Engineering research team receives $5M from Fisheries and Oceans Canada to re-evaluate oil-spill responses
Fisheries and Oceans Canada has awarded a total of over $5 million to Chunjiang An, assistant professor at the Gina Cody School of Engineering and Computer Science, for his research to improve oil-spill clean-up processes.
Two of An’s projects were funded through the Multi Partner Research Initiative (MPRI), a program mandated to build networks that support scientific expertise in oil-spill research.
“Science is key in making the right decisions when it comes to aquatic clean-up measures and keeping Canadian shorelines healthy and safe,” says Christophe Guy, vice-president of Research and Graduate Studies.
“Concordia is proud to work with the Government of Canada as it continues to invest in research to help advance collaborative marine science.”
McGill University also received about $2 million for separate projects as part of the initiative.
Jonathan Wilkinson, minister of fisheries, oceans and the Canadian Coast Guard, is confident in the outcomes of this research.
“Our government is committed to keeping our oceans healthy, clean and safe for future generations” he says. “The research conducted at Concordia and McGill will help protect and restore marine ecosystems for this generation and as we face new challenges with a changing climate.”
David Lametti, minister of justice and attorney general of Canada and member of parliament for LaSalle–Émard–Verdun, made the official announcement at Concordia today on behalf of minister Wilkinson.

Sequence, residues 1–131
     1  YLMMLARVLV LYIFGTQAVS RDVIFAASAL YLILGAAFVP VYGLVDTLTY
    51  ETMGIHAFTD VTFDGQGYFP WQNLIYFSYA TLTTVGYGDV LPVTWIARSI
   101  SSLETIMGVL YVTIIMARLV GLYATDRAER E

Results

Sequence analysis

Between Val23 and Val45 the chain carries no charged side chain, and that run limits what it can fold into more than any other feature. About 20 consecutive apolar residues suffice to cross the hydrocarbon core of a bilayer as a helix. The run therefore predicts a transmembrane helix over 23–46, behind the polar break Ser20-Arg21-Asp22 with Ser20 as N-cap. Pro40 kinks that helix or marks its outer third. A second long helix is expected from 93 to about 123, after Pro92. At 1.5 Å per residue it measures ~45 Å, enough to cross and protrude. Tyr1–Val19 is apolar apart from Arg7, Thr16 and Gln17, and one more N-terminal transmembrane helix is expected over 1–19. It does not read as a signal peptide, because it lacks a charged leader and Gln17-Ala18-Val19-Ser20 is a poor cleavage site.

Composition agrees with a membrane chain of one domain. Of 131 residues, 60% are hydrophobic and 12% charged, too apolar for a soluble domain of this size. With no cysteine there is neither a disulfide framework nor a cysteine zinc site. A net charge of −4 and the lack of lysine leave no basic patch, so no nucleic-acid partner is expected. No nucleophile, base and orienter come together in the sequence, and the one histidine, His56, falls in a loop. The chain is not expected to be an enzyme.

“Our new investment in science and research at Concordia University and McGill University will contribute to a stronger understanding of our oceans and ocean health, while providing 19 scientific trainees with opportunities to further their skills and knowledge in this vital field.”
An will collaborate with fellow researchers from the Department of Building, Civil and Environmental Engineering — Ashutosh Bagchi, Zhi Chen, Catherine Mulligan, Samuel Li and Biao Li — as well as academic and industrial partners from Canada, the United States and Norway.
“Marine accidents can cause serious environmental damage as the spilled oil frequently reaches shorelines. Once on shore, cleanup operations can be expensive and time consuming,” An says.
The project, entitled Oil Translocation Pathways and Processes in Canadian Shoreline Environments, will develop ways to decrease environmental risks during an oil-spill clean-up process by accelerating degradation and removal of the pollutant.
“Our research program takes an innovative approach that addresses oil translocation processes and pathways under complicated shoreline conditions, particularly in the context of Canada,” An explains. “The results can help us understand shoreline oil persistence and provide better input for potential treatment decisions.”
This particular project was awarded $4,648,201, the highest amount within the MPRI program.
An also received $632,000 for a second project, Washing Agent-Aided Shoreline Treatment Tool Sets — Evaluation, Improvement and Development. The project can help fill the gap between the available surface washing techniques and the increasing application need.
It will support Canadian government and industry to identify, evaluate and manage clean-up operations.
Find out more about Concordia’s Department of Building, Civil and Environmental Engineering.